Does your summer office attire make you look unprofessional?
Are the walls of your office building going to crumble if you're showing 3 inches of thigh below a summer skirt? No. Will a potential client throw down his hands in disgust and shout "no deal" if you arrive at his meeting wearing a sleeveless sheath? Probably not.
But will your boss struggle to visualize you as a team leader when your pink bra straps are poking out from under that sleeveless sheath? And will you feel off your game as you spend the day adjusting said straps? Count those as two maybes.
What we wear is important because, "No. 1, the image we project is a brand of who we are," says Diane Gottsman, national etiquette expert and owner of The Protocol School of Texas. "No. 2, we generally feel like we dress. So if we feel good about what we're wearing, we're going to project a more confident image."
Here's how to ensure your summer office wardrobe does you and your personal brand justice:
Take a cue from your boss. "Look around at the top 25 percent of your peers. How are they dressing?" asks Joanne Blake, corporate image consultant and president and owner of the Canadian firm Style for Success. "What about the decision-makers, and what about the person whose job you covet or aspire to have one day – how are they dressed?" (What's that bit about dressing for the job you want?) If your boss doesn't sport flip-flops or tanks, then neither should you.
This strategy isn't meant to turn you into a corporate clone or spur dystopian sandal-burning rituals. Rather, the idea is to dress in a way that makes it easy for others to see you as a professional who should be taken seriously. As Blake puts it: "We can borrow from the authority of our clothing."
Of course, professional dress codes vary among industries and companies. The CEO of a tech startup and the partner of a law firm, for example, may have different views on jeans in the workplace. Hospitality industries and those that are more conservative, such as law, investing, counseling and insurance, have a higher bar for work apparel, Blake says, adding: "If you're looking after people's finances or personal affairs, they want you to look trustworthy."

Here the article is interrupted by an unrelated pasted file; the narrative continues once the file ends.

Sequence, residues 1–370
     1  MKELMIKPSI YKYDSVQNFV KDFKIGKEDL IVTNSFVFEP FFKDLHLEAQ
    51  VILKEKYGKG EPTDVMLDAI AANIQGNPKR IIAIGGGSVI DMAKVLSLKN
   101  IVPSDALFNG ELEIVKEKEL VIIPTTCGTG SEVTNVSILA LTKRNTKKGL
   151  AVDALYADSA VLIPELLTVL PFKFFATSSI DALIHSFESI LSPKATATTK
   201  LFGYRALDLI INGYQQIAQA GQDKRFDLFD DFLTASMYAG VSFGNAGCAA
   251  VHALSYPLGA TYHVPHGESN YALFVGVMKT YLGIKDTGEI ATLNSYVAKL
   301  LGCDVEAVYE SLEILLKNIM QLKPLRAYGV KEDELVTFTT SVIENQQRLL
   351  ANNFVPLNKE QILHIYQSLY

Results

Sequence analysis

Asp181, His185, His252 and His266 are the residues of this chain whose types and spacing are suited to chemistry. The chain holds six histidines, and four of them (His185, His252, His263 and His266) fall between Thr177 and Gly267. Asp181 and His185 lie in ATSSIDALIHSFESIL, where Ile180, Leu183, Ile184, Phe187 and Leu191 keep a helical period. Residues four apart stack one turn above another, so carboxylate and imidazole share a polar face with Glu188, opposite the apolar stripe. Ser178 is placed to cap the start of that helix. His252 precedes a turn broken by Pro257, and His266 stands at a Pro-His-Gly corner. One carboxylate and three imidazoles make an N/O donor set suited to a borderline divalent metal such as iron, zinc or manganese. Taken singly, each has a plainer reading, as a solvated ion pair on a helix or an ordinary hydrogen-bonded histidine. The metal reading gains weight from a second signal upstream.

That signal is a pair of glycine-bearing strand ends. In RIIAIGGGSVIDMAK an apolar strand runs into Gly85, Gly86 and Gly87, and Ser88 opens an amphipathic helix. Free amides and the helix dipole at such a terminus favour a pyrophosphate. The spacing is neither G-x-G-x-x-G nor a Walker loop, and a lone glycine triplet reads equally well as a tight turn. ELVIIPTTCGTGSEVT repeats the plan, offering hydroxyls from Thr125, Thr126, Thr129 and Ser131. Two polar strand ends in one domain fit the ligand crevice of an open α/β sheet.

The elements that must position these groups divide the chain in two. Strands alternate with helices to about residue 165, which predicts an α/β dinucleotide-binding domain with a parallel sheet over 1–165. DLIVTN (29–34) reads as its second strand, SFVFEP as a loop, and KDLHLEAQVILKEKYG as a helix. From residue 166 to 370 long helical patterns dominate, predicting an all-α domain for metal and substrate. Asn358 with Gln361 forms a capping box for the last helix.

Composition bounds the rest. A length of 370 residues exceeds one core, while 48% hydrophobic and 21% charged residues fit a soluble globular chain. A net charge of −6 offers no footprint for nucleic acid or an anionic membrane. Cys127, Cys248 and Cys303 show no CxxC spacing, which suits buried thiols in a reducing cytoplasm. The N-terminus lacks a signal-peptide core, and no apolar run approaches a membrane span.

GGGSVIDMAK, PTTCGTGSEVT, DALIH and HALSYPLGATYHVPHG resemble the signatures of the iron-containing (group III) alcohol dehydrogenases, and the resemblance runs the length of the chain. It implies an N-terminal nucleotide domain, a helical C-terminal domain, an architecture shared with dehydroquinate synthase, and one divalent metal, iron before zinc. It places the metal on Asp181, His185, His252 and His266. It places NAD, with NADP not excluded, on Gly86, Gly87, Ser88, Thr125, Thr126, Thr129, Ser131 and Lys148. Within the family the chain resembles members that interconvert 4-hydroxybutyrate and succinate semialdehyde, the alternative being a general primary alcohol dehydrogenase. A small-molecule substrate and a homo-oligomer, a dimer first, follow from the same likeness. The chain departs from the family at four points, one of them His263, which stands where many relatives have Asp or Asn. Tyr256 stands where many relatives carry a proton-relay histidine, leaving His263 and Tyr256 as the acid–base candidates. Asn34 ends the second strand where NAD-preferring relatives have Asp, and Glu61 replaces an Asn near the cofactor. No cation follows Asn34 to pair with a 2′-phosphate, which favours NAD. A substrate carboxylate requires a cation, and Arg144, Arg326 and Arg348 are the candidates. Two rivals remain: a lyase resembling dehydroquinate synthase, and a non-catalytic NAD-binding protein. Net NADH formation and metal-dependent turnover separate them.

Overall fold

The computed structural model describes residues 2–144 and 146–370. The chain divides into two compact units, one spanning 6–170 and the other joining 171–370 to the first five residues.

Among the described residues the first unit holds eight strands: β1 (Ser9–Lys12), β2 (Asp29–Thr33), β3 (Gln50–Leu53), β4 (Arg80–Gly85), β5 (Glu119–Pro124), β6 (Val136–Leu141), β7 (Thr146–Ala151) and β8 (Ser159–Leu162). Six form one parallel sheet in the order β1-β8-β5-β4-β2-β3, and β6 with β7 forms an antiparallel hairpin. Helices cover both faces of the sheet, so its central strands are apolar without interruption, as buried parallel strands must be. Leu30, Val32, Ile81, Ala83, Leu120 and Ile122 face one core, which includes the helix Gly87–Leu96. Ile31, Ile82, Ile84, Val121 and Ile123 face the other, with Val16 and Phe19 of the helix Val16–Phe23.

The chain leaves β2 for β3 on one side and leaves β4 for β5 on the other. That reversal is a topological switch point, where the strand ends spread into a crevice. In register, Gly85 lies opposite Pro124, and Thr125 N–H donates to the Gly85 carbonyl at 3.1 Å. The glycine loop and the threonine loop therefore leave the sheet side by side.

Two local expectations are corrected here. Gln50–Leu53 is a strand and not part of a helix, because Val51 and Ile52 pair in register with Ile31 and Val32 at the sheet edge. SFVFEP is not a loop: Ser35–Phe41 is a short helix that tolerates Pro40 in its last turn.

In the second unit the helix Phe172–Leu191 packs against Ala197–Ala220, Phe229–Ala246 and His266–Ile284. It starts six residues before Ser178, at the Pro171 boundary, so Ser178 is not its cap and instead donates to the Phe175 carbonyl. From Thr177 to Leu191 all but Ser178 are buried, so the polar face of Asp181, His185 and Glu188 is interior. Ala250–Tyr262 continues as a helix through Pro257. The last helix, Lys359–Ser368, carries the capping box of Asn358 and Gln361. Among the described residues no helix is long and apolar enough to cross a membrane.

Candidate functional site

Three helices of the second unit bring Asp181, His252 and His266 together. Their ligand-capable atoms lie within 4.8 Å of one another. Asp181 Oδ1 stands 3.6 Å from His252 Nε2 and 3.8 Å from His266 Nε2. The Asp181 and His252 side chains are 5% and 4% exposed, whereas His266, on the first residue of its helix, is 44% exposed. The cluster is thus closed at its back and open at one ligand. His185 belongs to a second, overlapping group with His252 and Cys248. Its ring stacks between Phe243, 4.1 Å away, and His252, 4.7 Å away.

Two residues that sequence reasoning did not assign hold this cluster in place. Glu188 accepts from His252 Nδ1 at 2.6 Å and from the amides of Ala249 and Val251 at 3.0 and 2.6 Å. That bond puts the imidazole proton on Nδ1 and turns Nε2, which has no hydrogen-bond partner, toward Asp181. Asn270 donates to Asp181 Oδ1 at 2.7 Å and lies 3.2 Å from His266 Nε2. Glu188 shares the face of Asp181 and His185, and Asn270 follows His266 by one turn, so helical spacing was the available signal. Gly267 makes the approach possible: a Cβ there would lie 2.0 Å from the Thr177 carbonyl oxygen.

Whatever the dress code for your company and industry, remember that colleagues and clients will base perceptions of you partially on your clothing. So if your office is more of a jeans-and-T-shirt environment, at least make sure that T-shirt is clean and unwrinkled.
Save your revealing summerwear for the weekend. Yes, it's hot out. No, that doesn't mean you can pass off that romper as office wear. "In business, the more skin we show, the more credibility we lose," Blake says. To ensure your look is more appropriate for the boardroom than the boardwalk, try these tests:
- Short skirts and dresses: How much leg is too much? "If you sit down, and your skirt is mid-thigh, it's too short," Gottsman says. Another way to gauge skirt-length appropriateness: Place a business card horizontally directly above the knee, Blake says. A skirt should hang to at least that length when standing up.
- Low-cut shirts: Blouses should fall at least 2 inches above your cleavage, Gottsman says. As a test, Blake suggests leaning forward, like you're passing out materials in a meeting. "If you're showing more than a hint of cleavage, then it's too much," she says.
- Cropped shirts: Blake suggests reaching up, like you're grabbing a file from the top shelf. If your shirt shifts and exposes your stomach, it's a no-go.
- Sleeveless tops and dresses: "The protocol is: It should have a sleeve," Gottsman says. "The reality is: Often many, many companies allow you to wear a nice, basic sheath." She advises checking the company dress code for a verdict on sleeves. Whatever it says, she recommends keeping a blazer or cardigan on hand for air-conditioned offices and unplanned meetings.
For good measure, go ahead and save the following items for your weekend-only wardrobe: sun dresses, rompers, shorts, flip-flops, tank tops, anything that's sheer or includes cut-outs, and anything that exposes bra straps or underwear. In fact, if you look in the mirror and wonder if what you're wearing is appropriate for the office, then it probably isn't. As Blake puts it: "When in doubt, leave it out."
If you want to inject a sunny, summertime feeling into your office wardrobe without looking like a beach bum, Gottsman and Blake suggest doing so with colorful and seasonal patterns, colors, accessories, shoes and handbags. "Accessories are one way you can really showcase your personality," Blake says. "And with handbags, you don't have to squeeze into a certain size."
Dress for comfort and piece of mind. Sticking to office-appropriate clothing isn't just a matter of looking professional – although that's important. But doing so will feel more comfortable and thus boost your productivity. For example, this is your brain on a questionable V-neck blouse: This isn't too low-cut, is it? Why did so-and-so give me that look? Is my bra showing? Oh, geez, when I bent over in that meeting, I think everyone could see down my shirt. Alternatively, this is your brain on a conservative top: Work, work, work, work, work.
There should be no need to tug at your clothes or worry about how they look. "Comfort is important. You need to look good, but then forget about what you're wearing," Blake says. "You don't want your clothing to stand in the way of your presentation, ideas and skills."
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